For Jayati Ghosh – a world-leading rebel economist – “feminism is not only about promoting the rights of women, it’s about equality, empowerment for all and economic justice … this (neoliberal) economic model is blatantly against economic justice. It’s completely incompatible with feminism”. For Jayati there can be no such thing as neoliberal feminist.

Our podcast conversation with Jayati couldn’t have come sooner, as the billionaire festival ended in Davos and around the world people turn to the bold ideas to reimagine the global economy. Jayati’s rebel stands have earned her criticism from world leaders and fellow economists dubbing her a “purported economist”. Far from deter her she’s even more determined to keep fighting for equality – and hopeful for a better future. .

In this episode we unpack unpaid and poorly paid care work – think of the tens of billions of hours of work done by women and girls around the world cooking, the cleaning, looking after children, the sick and the elderly – that is at the root of inequality. .

Jayati explains that “there is a massive economic implication in the way unpaid care work occurs, and the conditions in which it occurs. In most societies it is typically women and girls that take on this work. But in addition: because so many women are doing this work it means that first of all women’s work is devalued, and women themselves are devalued, because they are not seen as contributing economically, and they don’t get the power you get when you contribute economically. Secondly anything women do then gets paid less. Where you have a lot of unpaid work in society, you also have a larger gender wage gap”. .

She congratulated Oxfam for focusing on the importance of care work this year “because it brought into public focus something which is undercover most of the time…. and that policy makers completely forget about.” She explains unpaid care work is conveniently ignored, “because it cheapens costs for private employers and for public policy… so they encourage keeping everything under cover.”.

Jayati hits back on criticism over not celebrating progress with women entering the workforce in large numbers, “it’s too slow, it’s too inadequate and I don’t think it’s really progress”. And she certainly doesn’t shy away from hitting back at leaders who are quick to voice their support for gender justice: “I have a depressing observation, that the more the leaders talk about it, the less they actually do”. .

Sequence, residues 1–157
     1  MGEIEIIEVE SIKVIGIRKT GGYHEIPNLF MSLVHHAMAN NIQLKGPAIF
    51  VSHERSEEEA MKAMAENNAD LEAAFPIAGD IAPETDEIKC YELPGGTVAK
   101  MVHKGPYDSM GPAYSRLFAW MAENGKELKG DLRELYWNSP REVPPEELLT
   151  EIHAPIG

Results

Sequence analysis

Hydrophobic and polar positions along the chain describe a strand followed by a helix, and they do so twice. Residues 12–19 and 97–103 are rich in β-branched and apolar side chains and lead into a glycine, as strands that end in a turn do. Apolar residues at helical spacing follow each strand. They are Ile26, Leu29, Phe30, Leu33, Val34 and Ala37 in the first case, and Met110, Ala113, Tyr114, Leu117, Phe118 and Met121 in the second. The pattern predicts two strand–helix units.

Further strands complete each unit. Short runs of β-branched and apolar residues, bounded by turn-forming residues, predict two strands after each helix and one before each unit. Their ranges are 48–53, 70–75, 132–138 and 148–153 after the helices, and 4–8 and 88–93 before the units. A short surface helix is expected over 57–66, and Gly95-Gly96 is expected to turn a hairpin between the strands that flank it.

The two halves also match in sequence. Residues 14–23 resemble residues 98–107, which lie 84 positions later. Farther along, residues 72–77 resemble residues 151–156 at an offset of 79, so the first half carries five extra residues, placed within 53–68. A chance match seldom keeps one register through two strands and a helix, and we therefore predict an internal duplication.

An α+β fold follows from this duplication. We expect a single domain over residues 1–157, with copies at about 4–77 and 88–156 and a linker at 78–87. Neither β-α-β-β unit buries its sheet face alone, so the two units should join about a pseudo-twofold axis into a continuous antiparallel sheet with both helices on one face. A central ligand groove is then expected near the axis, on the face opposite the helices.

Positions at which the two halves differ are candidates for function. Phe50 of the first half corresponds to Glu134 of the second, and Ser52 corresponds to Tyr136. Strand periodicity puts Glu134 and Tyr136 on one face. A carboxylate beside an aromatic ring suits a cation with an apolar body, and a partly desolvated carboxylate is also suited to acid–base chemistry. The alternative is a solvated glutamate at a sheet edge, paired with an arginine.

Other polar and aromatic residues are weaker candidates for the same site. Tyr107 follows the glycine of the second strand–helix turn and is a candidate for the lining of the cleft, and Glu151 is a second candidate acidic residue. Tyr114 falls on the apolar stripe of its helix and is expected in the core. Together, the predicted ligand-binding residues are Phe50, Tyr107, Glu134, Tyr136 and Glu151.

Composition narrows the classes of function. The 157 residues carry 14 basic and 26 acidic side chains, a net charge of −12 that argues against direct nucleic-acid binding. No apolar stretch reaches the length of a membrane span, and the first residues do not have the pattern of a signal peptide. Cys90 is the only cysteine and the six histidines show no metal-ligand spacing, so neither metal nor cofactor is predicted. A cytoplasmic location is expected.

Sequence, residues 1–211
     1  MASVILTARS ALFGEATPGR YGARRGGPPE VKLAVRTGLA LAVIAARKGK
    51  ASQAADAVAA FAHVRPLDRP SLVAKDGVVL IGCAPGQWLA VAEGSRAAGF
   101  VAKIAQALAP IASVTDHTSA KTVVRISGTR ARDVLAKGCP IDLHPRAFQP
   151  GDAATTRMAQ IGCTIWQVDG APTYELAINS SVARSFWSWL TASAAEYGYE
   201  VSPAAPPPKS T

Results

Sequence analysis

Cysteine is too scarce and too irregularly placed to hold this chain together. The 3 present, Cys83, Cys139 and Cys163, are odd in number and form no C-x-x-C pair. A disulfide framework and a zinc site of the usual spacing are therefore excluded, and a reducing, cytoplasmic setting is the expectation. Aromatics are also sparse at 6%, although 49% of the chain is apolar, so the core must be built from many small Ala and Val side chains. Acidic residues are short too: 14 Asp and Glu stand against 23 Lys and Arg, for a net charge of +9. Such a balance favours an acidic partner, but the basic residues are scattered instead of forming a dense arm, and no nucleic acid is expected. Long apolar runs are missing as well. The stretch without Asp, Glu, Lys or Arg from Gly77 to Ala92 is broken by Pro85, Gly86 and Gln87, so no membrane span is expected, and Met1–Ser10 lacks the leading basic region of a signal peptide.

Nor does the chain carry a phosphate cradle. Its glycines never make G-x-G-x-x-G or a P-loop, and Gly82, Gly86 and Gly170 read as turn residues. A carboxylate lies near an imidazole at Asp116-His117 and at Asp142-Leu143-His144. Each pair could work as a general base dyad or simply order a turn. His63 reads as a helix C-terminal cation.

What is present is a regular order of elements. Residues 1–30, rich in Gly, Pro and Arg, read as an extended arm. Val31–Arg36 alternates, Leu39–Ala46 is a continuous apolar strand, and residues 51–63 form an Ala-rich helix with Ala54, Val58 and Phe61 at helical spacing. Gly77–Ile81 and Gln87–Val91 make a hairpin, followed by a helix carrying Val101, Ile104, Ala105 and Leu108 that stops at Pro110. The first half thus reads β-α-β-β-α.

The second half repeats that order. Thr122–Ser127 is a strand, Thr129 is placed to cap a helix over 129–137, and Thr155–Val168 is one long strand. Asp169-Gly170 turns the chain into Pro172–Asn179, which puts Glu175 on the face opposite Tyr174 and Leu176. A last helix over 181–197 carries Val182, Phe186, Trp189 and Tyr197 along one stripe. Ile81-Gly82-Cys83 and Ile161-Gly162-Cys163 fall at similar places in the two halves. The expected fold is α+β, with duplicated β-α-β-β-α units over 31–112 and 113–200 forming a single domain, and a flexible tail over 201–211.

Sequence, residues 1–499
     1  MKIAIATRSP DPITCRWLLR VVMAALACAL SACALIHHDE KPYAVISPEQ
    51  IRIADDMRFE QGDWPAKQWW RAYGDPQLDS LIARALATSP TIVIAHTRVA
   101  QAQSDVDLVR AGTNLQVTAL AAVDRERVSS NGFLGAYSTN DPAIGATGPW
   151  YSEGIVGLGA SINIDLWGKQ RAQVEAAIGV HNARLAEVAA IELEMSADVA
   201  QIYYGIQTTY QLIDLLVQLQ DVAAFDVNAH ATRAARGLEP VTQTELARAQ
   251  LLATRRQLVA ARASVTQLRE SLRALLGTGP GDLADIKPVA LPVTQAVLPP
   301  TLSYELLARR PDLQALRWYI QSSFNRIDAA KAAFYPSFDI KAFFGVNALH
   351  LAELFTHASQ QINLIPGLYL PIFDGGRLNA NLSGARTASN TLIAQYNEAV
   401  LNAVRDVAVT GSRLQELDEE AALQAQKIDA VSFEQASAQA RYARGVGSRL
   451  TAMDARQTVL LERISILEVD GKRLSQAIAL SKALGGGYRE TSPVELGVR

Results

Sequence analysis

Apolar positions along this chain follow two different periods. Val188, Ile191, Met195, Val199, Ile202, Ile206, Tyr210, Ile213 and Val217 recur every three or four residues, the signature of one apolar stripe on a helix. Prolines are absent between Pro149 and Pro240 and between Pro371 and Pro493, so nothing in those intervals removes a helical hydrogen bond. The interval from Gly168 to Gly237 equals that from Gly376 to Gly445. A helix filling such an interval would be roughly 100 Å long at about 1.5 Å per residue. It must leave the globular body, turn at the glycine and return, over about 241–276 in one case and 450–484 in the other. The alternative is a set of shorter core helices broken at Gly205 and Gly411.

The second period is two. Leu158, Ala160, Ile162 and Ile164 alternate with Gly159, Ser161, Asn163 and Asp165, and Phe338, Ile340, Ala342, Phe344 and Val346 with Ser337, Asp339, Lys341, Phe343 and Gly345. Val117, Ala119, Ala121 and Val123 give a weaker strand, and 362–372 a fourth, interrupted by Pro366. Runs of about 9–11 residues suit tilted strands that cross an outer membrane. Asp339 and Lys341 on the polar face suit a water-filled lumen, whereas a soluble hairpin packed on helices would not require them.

Jayati, an expert on the future of work, welcomes automation and is optimistic. “I actually welcome automation. Anything that reduces drudgery and repetitive tasks is to be welcomed. We are the beneficiaries in our own lifetimes of so much more in terms of reduction of drudgery and arduous work that I don’t think in general we should fear it”..

She roots the fear of new technologies in the fact that “new technologies have the misfortune of being brought in during the neoliberal era, in an era where we have lost the imagination to recognise that when you invent new productive activities you can tax those activities’. She reflects on what we could achieve if we taxed technological activities: calculating for example that we could create at least 240mil more jobs globally in the care industry if developing countries were to have the same approach to care as countries like Sweden. .

So what gives Jayati hope in the fight against inequality? Reflecting on India she notes with a lot of emotion, “suddenly we have pushback…from the most unexpected quarters…from women, from students…”. She says “they’re fearless, they’re witty and they’re creative … I’m just proud to be even marginally attributed with them”..

A wonderful interview with a wonderful leader, an economist with an activist heart. Enlightening, empowering, and reminding us of the powerful and achievable ideas that could transform our world. .

Head over and listen to full podcast at The Radical Case For Care – with Jayati Ghosh. As ever, do subscribe to the podcast, and do share with your friends and your family! Email us your ideas, suggestions and feedback to equals@oxfam.org.

Next episode – a romantic twist on the fight against inequality. Join us then!